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Cross-cultural perspective can help teamwork in the workplace

Date:
August 10, 2010
Source:
Association for Psychological Science
Summary:
In this era of globalization, many companies are expanding into numerous countries and cultures. But they should not take a "one size fits all" approach to their business and management styles. As the authors of a new article point out, people in different cultures think about work in different ways. Being aware of the cultural environment that their coworkers come from may help people work together better.

In this era of globalization, many companies are expanding into numerous countries and cultures. But they should not take a "one size fits all" approach to their business and management styles. As the authors of a new article in a special section on Culture and Psychology in Perspectives on Psychological Science, a journal of the Association for Psychological Science, point out, people in different cultures think about work in different ways. Being aware of the cultural environment that their coworkers come from may help people work together better.

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For example, people have different expectations about teamwork, says Cristina B. Gibson, of the University of Western Australia, who cowrote the paper with Dana M. McDaniel, of the University of California, Irvine. Gibson has interviewed people to understand how they conceptualize teams. "In the United States, people used a lot of sports metaphors. Elsewhere, that just wasn't a common metaphor." In Latin America, for example, many people talked about the work team as a family. "If you just use those two contrasts and think about what you might expect from your family versus what you might expect from your sports team, you start to see the differences." Families are involved in all parts of your life, and are expected to celebrate with you socially. "Your involvement in your sports team is more limited. Less caretaking, more competitive."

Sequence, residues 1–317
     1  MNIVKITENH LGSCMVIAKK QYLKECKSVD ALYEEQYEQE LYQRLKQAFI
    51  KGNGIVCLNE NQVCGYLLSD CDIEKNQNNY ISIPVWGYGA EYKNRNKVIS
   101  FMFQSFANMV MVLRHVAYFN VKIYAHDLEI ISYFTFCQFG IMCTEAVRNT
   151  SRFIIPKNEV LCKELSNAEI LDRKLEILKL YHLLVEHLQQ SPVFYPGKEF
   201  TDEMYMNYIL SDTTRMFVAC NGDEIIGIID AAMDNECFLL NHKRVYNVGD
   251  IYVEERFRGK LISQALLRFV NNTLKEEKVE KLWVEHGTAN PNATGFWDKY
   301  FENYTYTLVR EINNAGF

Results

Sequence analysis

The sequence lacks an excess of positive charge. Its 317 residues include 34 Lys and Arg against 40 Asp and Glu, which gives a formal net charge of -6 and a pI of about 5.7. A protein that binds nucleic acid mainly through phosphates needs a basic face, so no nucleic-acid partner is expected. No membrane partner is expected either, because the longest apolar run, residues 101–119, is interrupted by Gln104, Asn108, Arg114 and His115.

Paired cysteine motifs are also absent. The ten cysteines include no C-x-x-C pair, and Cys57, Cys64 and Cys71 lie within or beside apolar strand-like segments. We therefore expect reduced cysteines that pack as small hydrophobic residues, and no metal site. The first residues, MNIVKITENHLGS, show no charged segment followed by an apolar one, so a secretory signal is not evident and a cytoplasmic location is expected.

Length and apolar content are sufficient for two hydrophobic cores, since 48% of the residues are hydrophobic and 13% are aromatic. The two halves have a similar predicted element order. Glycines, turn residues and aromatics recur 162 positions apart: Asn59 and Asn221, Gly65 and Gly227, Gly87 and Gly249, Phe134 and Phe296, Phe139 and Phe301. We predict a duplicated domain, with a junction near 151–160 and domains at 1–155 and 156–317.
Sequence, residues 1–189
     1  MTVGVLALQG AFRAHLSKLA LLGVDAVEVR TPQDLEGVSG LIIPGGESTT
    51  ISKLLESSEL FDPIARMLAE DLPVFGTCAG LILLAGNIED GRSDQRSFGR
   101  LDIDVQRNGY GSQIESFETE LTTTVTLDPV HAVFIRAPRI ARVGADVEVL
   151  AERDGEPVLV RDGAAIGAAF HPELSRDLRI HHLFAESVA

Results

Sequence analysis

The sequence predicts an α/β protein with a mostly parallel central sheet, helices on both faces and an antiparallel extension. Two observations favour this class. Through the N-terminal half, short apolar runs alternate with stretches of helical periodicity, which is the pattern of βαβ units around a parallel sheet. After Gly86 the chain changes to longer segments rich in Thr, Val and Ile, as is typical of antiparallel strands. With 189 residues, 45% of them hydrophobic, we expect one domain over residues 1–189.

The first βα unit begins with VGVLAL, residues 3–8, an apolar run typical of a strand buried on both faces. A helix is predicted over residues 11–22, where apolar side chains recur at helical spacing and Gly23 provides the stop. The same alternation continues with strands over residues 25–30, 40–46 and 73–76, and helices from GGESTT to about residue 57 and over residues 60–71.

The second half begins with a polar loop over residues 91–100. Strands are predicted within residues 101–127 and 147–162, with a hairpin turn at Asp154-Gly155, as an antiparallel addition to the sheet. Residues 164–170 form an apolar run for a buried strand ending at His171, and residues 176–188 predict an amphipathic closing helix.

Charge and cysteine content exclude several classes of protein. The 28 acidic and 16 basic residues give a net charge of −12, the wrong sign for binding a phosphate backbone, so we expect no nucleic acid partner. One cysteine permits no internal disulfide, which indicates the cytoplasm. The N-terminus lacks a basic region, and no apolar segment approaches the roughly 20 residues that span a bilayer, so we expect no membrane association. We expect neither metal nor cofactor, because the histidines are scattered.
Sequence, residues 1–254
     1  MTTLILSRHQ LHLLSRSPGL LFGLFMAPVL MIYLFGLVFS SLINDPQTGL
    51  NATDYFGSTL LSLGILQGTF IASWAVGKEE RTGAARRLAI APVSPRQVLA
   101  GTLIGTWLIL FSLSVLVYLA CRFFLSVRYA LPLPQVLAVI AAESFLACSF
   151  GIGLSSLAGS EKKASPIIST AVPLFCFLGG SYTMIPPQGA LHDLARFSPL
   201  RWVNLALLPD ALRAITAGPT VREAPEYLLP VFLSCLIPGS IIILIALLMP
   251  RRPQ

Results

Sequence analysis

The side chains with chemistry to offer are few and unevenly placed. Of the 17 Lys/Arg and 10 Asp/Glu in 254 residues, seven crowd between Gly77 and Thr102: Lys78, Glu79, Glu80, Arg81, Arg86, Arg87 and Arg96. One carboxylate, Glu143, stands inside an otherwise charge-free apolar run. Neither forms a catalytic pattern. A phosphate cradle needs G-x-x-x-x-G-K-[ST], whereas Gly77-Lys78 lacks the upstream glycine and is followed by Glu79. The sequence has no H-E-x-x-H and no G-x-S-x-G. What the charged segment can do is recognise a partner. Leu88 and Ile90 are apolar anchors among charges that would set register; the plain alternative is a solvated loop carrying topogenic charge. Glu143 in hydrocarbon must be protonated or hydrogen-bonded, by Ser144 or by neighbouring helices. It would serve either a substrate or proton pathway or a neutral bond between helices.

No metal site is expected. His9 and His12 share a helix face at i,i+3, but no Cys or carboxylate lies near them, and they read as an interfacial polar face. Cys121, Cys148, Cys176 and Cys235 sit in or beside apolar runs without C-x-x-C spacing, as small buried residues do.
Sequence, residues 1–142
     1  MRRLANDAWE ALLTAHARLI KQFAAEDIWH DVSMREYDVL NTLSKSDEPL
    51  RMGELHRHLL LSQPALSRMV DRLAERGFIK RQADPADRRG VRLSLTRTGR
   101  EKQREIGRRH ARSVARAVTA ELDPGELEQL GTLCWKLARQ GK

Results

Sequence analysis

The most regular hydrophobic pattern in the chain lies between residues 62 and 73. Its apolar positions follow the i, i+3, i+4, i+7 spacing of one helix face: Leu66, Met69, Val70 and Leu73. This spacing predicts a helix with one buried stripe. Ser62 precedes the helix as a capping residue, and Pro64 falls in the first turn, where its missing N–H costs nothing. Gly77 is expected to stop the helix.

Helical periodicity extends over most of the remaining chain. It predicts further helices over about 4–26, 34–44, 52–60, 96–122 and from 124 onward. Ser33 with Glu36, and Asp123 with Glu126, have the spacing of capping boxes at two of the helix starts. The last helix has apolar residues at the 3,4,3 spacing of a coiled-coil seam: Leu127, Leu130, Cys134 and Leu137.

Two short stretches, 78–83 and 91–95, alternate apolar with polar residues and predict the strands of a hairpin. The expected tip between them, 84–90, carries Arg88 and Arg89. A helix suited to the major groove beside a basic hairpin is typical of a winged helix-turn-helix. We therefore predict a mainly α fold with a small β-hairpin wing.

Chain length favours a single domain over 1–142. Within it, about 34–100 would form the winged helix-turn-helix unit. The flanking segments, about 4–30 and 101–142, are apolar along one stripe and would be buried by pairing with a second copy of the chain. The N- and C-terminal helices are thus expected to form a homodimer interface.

Another example is in the realm of leadership. Many people assume that charismatic leadership is a good thing -- using a strong personality to inspire loyalty in others. But that's not going to work for everyone, Gibson says. "The very same behaviors that are deemed desirable from a leader in one culture might be viewed as interference or micromanagement in other settings."

The main point is that employers and researchers should question assumptions, says Gibson. "We're just saying, 'hey, wait a minute.' Particularly in a work setting, organizations, teams, and individuals may have different values and preferences." And as this research continues, she says, people should consider that cultures can vary a lot within countries, too, especially as large numbers of people continue to migrate between countries. "We can't make these assumptions that everybody in the United States is like this and everybody in China is like that."


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The above story is based on materials provided by Association for Psychological Science. Note: Materials may be edited for content and length.


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Association for Psychological Science. "Cross-cultural perspective can help teamwork in the workplace." ScienceDaily. ScienceDaily, 10 August 2010. <www.sciencedaily.com/releases/2010/08/100810122041.htm>.
Association for Psychological Science. (2010, August 10). Cross-cultural perspective can help teamwork in the workplace. ScienceDaily. Retrieved December 19, 2014 from www.sciencedaily.com/releases/2010/08/100810122041.htm
Association for Psychological Science. "Cross-cultural perspective can help teamwork in the workplace." ScienceDaily. www.sciencedaily.com/releases/2010/08/100810122041.htm (accessed December 19, 2014).

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